Alison: In my previous role, I literally had people thank me for our advertising and customer newsletter. People would regularly tell me that they always look for the ad in the Washington Post Magazine. In fact, that weekly ad and the Hardwood Artisans brand were virtually inseparable when I first started and even after three years and better visibility in the marketplace, it remains an extremely important branding vehicle.
One story I ran in a customer newsletter about a year ago on the 3/50 Project generated at least half a dozen email responses right away and the good feedback continued even through this February, when I had a customer mention the story to me at the grand opening event for the new Fairfax showroom. I think any time you can get a client to thank you for sending them promotional email, you’ve done a pretty good job.

BHW: It’s apparent that you’re an east coast professional, enjoying the turmoil of an intense city life around DC. How much work focused on homeowners vs. renters vs. commercial?

Alison: There’s a lot of commercial business to be had around DC, but I don’t care where you live, focus on homeowners. Renters can’t afford your stuff and the commercial market is pretty well saturated with companies that do exclusively that kind of work. Unless you’ve got some kind of modular system worked out that you can produce quickly and cheaply, you can’t compete. Granted, there are exceptions to every rule and some of that kind of business may come your way, but I wouldn’t build a business plan around it.

BHW: Since there is as much vertical development as horizontal living space, are you a fan a Apartment Therapy?

Alison: As a lover of furniture and interior design, I think Apartment Therapy is just fantastic. The home tours are so inspirational for someone living in a small space. That said, as a marketing vehicle for high end custom design, you can mostly skip it. Focus your public relations efforts on high end regional design or small national craft publications because the average Apartment Therapy reader complains about the high prices at Room & Board. How do you think they’ll respond to yours?

BHW: It’s no secret that you’re a social networking powerhouse. You’re blogs and twitter efforts are enviable, mostly because I am impressed how you have organized yourself to be able to sift through tons of info efficiently. Can you describe the tools and processes you employ?

Alison: I’m an uber-geek and an information junkie. In high school I used to do extensive research for fun and my undergraduate education at Georgetown University just made me even worse. Really, I’m just a human filter for information, both online and offline. That said, the trick to a content curation strategy for using social media to build your business is figuring out what kinds of information the people you’d like to reach are interested in receiving. That’s assuming you know that your target market is using social media, which isn’t always a given.

BHW: You provide such a great variety of useful links and information, esp through your tweets. Some people couldn’t achieve what you do if they stayed on the internet 24/7. How do you manage to have a normal life outside the internet and still stay so absolutely current?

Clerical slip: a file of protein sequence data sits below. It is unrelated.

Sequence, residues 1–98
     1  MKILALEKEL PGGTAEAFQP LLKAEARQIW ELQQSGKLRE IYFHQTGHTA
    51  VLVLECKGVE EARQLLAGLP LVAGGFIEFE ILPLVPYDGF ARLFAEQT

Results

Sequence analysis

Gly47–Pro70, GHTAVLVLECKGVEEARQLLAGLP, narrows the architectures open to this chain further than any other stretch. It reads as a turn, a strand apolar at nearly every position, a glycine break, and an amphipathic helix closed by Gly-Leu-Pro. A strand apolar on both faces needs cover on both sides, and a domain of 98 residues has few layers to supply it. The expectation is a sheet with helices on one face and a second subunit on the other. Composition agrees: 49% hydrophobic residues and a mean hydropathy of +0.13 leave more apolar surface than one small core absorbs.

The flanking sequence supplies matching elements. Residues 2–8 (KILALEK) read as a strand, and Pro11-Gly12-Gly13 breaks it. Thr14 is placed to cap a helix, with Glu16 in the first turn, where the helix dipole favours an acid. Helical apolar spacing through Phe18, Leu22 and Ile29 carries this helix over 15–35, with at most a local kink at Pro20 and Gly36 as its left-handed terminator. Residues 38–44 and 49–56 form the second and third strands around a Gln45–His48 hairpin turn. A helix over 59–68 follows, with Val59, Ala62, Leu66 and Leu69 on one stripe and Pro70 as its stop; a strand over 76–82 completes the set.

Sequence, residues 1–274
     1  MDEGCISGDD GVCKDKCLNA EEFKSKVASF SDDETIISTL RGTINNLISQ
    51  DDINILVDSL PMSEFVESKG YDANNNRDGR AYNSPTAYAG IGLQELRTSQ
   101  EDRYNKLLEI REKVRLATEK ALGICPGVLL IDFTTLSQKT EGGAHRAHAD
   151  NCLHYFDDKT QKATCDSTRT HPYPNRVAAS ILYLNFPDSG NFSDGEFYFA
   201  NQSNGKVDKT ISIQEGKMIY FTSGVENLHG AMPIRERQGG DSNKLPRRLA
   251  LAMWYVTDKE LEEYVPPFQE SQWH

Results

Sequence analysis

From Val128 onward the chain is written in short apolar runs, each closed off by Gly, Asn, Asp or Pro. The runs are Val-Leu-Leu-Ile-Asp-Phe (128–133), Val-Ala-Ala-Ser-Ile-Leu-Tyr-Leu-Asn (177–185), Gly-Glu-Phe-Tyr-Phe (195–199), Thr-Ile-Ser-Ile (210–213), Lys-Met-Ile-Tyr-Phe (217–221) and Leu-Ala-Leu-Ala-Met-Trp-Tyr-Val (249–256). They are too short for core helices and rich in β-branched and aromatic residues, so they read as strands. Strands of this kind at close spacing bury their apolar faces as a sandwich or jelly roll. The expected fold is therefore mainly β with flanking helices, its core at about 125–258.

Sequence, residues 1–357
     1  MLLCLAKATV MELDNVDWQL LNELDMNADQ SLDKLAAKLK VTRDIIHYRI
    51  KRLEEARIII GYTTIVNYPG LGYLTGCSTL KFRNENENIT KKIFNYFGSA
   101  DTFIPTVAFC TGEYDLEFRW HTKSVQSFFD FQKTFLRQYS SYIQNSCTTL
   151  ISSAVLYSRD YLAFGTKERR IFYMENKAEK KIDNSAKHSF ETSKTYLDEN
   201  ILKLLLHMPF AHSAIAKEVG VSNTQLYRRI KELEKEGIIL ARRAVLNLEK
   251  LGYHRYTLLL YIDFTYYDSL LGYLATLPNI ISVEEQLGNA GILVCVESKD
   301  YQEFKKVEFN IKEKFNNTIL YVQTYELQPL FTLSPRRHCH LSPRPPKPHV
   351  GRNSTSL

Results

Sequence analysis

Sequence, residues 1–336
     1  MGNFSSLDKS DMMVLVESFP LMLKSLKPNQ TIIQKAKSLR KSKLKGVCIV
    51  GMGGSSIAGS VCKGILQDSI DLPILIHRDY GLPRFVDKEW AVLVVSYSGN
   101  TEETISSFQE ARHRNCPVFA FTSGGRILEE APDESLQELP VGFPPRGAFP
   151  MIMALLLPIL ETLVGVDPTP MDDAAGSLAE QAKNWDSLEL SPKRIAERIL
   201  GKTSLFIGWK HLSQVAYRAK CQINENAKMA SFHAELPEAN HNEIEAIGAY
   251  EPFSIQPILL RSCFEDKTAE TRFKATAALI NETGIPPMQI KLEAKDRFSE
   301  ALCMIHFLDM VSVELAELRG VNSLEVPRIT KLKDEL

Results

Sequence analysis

Alison: Feeds, feeds, feeds. I’d been using Bloglines to track content that interested me for years before Twitter was a glint in Biz Stone’s eye. Most of the links I send out to my followers come directly from a morning review of about 100 blogs via Bloglines and now Google Reader. Also, I guess I just read really fast and make lightning decisions about what would be good to share. It comes naturally. I’m also getting into StumbleUpon for turning up the best of the web, but that’s a lengthier process that requires more curatorial attention. The blogs I read are all good for at least one good link a week, which keeps me in good supply. It all takes about half an hour to an hour a day.

BHW: Your tweets and blog posts often contain a constant flow of useful-to-genius chunks of marketing knowledge. Regardless if you authored it or not, the information you provide is fairly astute and advanced. Is this because you are fortunate and lucky, well-schooled, uber-networked, or just have a passion for creative and powerful marketing techniques?

Alison: Actually, I think it comes from a well-honed understanding of my target market, mainly because years ago, I was just where they are now. My undergraduate degree is in international relations, so I had to learn marketing through experience. The content I try to provide is the content I went looking for years ago and had to work really hard to find in marketing textbooks, books by really talented marketers like Seth Godin, Jackie Huba and Ben McConnell, blog posts by guys like Mack Collier and random internet searches when I knew I had to learn something that I’d never done before. I just try to gather all that knowledge into one place so others don’t have to work as hard as I had to in order to find it. I guess you could say that it’s my own ignorance that keeps me grounded.